Is the capacity for ethics—the proclivity to judge human actions as either right or wrong—determined by the biological nature of human beings? And, are the systems or codes of ethical norms accepted by human beings biologically determined?
In this fascinating and thought-provoking presentation, Templeton prize recipient and eminent evolutionary biologist and philosopher Francisco J. Ayala proposes that the moral evaluation of actions emerges from human rationality and thus it is a necessary implication of our biological make-up. But the norms according to which we decide which actions are good and which actions are evil are largely culturally determined, although conditioned by biological predispositions, such as parental care.
Watch CARTA: Francisco Ayala: Evolution of Ethical Behavior and Moral Values: Biology? Culture?.
If you enjoyed this program, browse more evolution programs in the extensive CARTA archives.
Tina Nova is the kind of person that makes you want to get up and shout, “Hey World, look out!”
As she recalls her journey from a small town in California’s Central Valley to launching multi-million dollar companies in San Diego, she inspires some 300 high school girls gathered at the Salk Institute for a pep talk on pursuing careers in biotech.
And it’s not just her!
Janelle Ayres of Salk and three other smart and successful women follow with stories of their own paths to satisfying lives based on their love for science.
Check out Women in Biotech, presented by the STEAM Leadership Series on The STEAM Channel.
If you live in California, you’re no stranger to earthquakes, and you may worry when the next “Big One” will strike. Are you prepared? When is it likely to occur? How close will it hit? New programs from the University of California will help you find the answers.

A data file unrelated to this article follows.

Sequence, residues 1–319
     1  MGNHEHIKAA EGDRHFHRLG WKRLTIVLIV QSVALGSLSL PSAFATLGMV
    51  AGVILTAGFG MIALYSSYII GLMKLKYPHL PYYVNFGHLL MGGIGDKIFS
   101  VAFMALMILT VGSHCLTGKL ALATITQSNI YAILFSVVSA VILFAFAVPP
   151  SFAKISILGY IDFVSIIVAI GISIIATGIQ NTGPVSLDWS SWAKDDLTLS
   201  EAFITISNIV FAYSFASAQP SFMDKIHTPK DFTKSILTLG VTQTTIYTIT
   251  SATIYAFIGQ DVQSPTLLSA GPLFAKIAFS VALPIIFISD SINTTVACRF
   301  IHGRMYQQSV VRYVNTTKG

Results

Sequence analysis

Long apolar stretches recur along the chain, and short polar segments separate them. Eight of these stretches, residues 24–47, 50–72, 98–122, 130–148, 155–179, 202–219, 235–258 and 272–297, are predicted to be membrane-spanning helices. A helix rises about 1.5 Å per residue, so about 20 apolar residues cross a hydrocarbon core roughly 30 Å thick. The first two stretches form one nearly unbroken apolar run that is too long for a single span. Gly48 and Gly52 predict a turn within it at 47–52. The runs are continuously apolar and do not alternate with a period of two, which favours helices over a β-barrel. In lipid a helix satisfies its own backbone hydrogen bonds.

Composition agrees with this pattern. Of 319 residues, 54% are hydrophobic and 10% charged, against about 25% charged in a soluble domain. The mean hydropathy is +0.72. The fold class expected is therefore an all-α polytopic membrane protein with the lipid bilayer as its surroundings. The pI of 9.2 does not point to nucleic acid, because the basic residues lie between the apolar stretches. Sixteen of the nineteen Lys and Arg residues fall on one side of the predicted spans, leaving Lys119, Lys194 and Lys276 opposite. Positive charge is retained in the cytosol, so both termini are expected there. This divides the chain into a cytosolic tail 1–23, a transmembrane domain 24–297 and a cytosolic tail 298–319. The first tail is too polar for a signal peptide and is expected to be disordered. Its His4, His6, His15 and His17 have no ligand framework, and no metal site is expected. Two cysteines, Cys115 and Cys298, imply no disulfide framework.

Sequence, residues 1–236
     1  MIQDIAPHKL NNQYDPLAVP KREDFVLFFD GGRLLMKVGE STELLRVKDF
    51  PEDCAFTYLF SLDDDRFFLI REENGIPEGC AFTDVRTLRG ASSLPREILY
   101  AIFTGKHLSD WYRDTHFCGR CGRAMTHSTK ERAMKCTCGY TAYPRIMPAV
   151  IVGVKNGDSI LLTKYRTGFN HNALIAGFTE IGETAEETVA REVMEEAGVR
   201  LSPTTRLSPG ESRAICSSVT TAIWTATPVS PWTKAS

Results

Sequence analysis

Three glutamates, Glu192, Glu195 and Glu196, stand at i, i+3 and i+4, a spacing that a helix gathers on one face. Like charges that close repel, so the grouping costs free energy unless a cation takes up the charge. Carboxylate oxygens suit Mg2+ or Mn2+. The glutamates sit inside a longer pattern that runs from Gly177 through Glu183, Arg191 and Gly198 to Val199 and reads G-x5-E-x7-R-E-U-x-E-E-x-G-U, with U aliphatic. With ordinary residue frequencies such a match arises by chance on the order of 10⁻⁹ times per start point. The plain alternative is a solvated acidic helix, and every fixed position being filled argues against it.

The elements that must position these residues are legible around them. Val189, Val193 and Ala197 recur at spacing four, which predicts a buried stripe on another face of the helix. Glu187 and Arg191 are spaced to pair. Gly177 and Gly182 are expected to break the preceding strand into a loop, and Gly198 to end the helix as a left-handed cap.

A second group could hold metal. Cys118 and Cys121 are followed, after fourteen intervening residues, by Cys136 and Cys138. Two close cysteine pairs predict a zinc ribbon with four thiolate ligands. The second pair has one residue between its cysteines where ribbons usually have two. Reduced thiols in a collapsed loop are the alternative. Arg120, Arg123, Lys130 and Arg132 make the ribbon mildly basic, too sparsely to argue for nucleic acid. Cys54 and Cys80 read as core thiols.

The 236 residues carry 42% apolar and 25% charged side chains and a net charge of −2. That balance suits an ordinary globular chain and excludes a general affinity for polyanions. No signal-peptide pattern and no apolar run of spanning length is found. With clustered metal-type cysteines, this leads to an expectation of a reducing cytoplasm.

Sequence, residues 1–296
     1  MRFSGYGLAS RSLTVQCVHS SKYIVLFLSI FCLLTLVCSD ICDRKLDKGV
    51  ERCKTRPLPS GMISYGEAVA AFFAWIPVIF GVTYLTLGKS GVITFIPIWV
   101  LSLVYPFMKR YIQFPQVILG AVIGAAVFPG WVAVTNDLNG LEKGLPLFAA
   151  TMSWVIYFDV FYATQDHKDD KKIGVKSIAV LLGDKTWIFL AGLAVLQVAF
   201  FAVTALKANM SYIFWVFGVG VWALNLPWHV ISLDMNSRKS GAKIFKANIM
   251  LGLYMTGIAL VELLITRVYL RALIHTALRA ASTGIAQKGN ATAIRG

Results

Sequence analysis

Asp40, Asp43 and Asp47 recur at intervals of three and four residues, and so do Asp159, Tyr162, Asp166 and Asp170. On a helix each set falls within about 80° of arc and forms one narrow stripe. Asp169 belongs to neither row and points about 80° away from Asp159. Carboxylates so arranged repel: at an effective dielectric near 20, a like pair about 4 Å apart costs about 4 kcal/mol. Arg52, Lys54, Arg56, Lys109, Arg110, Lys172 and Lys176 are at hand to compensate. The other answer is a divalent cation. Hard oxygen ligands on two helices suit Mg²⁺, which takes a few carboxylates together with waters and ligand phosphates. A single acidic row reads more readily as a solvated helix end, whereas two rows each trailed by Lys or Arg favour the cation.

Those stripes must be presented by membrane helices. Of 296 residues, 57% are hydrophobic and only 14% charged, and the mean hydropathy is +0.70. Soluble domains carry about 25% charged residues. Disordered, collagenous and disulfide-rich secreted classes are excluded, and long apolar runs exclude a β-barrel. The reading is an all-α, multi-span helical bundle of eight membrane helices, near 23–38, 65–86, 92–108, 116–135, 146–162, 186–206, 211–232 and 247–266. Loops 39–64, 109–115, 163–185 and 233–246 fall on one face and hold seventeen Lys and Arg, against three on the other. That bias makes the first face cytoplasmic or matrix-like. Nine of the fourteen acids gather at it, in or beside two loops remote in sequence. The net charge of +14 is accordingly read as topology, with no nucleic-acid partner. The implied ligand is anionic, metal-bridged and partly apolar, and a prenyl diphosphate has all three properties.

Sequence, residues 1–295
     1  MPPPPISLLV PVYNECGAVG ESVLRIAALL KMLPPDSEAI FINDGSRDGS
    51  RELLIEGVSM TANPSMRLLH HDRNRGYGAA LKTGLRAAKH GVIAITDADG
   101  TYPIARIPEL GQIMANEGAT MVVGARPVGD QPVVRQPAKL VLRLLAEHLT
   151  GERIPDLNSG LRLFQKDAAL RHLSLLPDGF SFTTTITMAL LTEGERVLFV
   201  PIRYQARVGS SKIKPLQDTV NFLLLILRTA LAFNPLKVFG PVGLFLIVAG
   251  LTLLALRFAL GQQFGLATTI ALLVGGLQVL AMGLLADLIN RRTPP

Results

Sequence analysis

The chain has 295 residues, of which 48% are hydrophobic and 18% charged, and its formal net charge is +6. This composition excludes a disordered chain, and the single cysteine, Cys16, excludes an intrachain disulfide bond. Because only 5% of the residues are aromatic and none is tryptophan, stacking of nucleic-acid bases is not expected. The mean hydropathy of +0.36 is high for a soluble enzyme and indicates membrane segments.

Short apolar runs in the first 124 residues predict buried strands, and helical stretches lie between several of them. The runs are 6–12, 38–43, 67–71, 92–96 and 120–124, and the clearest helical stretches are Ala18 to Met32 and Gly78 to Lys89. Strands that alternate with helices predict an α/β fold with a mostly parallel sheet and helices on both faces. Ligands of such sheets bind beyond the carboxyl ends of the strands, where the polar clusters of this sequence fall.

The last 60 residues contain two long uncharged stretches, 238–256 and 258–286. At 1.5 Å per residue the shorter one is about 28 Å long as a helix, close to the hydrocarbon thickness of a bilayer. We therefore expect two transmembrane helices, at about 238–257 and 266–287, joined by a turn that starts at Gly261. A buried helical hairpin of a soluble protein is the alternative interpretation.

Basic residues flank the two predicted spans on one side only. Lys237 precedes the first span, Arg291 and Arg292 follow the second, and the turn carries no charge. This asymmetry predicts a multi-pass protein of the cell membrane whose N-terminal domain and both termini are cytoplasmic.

With a population of over 18 million people, an earthquake along the San Andreas fault outside of Los Angeles could be devastating. To imagine America without Los Angeles, watch Lucy Jones’ talk as she discusses how a severe earthquake there could affect the rest of the country. While many recent advances in building codes and construction techniques have reduced some of the danger, other features of this densely populated city such as transportation, power facilities, and communication systems have led to increased vulnerability in California and beyond. If they go down, what does that mean for the rest of the country? Watch to learn more.
California isn’t the only state at risk, however. Most people think that in the United States, the area around the San Andreas Fault poses the highest risk for a large earthquake. But the risk for a “great earthquake” and tsunami is highest in the Pacific Northwest. Join seismologist Diego Melgar in The Really Big One to learn about the risks, the geologic forces behind the potential for a truly massive U.S. earthquake, and efforts underway to build warning systems for the western U.S.
For more videos on preparing for the next Big One, visit Earthquakes and Seismology on UCTV.